After that, MSU hit five of six free throws to close out the win.

Nance scored 13 points to lead Northwestern, while Audige and Buie each went for 12 and Young had 11.

Brown paced the Spartans, scoring 15 of his game-high 20 points in the second half.

Here are our takeaways from a loss that dropped Northwestern’s record to 9-3 overall and 1-1 in the Big Ten:


Both teams looked rusty: Northwestern had played just one game over the previous 26 days because of COVID cancellations, while the Spartans had played one contest in the last 20. That layoff was evident, especially in the first half, when the two teams combined for 17 turnovers.

The normally sure-handed Wildcats had six turnovers in the first 13 minutes and finished with eight for the half. Things got much better in the second, as Northwestern turned the ball over just once. Ryan Green “led” the Wildcats with four TOs.

Michigan State had nine giveaways in the first half, including three traveling calls. The Spartans finished with 15, with Brown collecting four.

Neither team shot the ball particularly well, either. Michigan State was 1-of-10 from beyond the arc in the first half, while Northwestern duplicated the feat in the second.

MSU’s Marcus Bingham admitted that the Spartans were ragged in the first half, but Young didn’t blame the long layoff for his team’s struggles.

“We shot poorly, obviously, but I didn’t feel too rusty,” he said.


Cats lost another close one: Northwestern is now 2-3 against Power Six teams, with all three losses coming by single digits. They lost to Providence by five, Wake Forest by four and now Michigan State by six. They also posted a six-point win over Maryland.

Collins thought that his team got a little tired midway through the second half against the deep and physical Spartans, which is why MSU went on an 11-0 run to take the lead for good.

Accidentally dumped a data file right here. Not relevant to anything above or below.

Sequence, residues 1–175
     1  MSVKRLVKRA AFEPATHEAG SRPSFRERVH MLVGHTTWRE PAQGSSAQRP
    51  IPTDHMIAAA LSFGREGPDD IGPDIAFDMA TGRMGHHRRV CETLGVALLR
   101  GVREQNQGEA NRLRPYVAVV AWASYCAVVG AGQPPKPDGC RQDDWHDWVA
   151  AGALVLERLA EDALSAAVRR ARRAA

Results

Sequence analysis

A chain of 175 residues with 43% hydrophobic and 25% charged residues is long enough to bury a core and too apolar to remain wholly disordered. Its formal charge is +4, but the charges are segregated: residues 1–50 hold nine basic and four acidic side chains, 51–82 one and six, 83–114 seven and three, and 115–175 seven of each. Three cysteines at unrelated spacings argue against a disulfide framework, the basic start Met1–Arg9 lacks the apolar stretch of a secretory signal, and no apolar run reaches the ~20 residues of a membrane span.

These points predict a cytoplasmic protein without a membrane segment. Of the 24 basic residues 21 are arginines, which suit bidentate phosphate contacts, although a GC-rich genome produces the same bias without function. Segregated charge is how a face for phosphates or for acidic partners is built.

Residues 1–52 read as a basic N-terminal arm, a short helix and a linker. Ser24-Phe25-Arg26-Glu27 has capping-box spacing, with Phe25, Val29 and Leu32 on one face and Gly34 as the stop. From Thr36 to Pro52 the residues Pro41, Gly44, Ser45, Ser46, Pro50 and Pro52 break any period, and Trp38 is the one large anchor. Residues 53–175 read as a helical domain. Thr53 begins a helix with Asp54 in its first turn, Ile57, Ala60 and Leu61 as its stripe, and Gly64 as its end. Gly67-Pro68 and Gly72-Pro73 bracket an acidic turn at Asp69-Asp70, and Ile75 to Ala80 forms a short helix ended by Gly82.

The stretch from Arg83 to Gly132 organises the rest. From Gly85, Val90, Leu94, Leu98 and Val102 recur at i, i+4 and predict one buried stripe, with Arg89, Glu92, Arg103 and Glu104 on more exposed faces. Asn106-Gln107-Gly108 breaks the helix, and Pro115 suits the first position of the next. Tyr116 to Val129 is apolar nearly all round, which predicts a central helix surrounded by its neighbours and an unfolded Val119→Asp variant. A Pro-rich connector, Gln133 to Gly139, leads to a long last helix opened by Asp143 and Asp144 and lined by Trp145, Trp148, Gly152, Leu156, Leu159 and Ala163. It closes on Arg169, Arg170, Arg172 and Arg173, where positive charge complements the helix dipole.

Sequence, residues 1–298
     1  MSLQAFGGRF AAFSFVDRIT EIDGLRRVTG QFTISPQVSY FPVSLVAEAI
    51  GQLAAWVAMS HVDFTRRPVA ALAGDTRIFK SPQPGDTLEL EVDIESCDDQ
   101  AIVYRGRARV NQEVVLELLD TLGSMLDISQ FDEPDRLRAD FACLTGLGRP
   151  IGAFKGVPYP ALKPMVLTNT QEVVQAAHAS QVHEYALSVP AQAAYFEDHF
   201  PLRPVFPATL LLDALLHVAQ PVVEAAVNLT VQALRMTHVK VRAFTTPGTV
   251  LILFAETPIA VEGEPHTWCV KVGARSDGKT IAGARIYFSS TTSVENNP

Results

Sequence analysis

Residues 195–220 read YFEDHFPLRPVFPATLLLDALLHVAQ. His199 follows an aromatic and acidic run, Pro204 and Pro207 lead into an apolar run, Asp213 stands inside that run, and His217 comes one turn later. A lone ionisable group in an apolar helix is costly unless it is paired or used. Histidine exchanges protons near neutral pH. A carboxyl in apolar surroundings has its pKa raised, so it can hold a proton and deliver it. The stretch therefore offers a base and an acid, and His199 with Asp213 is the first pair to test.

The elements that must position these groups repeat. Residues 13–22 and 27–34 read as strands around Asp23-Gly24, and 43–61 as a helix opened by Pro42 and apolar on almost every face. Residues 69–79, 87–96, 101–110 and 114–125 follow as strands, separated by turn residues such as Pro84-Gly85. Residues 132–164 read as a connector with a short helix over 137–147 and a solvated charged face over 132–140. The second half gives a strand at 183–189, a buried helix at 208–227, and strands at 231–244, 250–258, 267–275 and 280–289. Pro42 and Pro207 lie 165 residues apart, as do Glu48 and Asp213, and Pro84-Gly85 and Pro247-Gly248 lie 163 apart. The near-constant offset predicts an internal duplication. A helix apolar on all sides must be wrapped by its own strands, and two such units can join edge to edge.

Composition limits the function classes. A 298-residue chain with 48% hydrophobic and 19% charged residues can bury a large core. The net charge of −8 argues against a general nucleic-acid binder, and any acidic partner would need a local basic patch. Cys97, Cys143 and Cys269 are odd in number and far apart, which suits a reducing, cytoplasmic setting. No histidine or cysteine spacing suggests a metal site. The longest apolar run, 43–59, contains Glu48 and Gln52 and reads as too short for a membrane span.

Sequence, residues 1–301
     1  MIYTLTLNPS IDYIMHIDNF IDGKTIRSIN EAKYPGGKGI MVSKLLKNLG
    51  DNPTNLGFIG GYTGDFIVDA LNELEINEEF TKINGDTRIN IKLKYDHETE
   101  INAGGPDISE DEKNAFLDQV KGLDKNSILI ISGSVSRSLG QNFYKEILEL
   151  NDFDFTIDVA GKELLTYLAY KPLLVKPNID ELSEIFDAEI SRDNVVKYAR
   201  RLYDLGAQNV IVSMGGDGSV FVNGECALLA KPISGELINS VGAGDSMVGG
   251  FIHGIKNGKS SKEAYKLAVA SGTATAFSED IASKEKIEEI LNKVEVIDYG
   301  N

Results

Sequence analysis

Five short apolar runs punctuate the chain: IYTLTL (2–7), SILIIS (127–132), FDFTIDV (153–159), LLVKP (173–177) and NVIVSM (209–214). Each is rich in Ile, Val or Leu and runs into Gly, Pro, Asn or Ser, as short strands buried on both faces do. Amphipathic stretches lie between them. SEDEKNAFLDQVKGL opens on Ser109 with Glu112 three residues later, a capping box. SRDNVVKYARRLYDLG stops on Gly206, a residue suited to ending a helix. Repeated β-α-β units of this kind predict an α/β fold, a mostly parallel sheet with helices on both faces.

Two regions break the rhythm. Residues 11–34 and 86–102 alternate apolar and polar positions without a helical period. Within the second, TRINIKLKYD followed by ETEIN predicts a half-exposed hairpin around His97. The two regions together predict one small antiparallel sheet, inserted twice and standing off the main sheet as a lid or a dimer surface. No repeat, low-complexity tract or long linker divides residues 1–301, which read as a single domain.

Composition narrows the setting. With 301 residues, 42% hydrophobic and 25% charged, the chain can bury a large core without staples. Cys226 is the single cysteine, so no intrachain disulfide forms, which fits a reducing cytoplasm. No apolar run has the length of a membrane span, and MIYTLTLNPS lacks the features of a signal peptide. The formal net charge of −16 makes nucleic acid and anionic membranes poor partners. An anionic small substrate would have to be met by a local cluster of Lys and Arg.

Young and Nance echoed that sentiment, saying that it wasn’t necessarily their play in crunch time that cost them the game.

“We made a lot of good plays down the stretch to get in position to win the game,” said Young. Instead, he blames “lapses” they had in both the first and second half, when MSU was able to get out in transition and score. That’s the bread-and-butter of the Spartan program and what the Wildcats were focused on stopping.

“It’s not our execution at the end of the game but throughout the game,” said Nance.


It was a homecoming for MSU’s Christie: Christie, a Spartan freshman guard, called Northwestern and Welsh-Ryan Arena his second home on Sunday. He wound up with 11 points and seven rebounds in a team-high 34 minutes, and hit two big three-pointers.

A former five-star recruit in the Class of 2021, Christie turned down a chance to play at Northwestern, where his mother, Katrina, was a 1,000-point scorer for the Wildcats, to go to MSU. Collins calls himself a fan of Christie’s. He’s known the dynamic 6-foot-6 rookie since he was in sixth grade.

While Collins recruited him hard and would have loved to have coached him at Northwestern, he can’t fault Christie for deciding to play for Spartan coaching legend Tom Izzo.

“I love Max,” he said. “He’s a heckuva player. He’s an even better kid. Not today, but I cheer for him to do well because of him and his family.”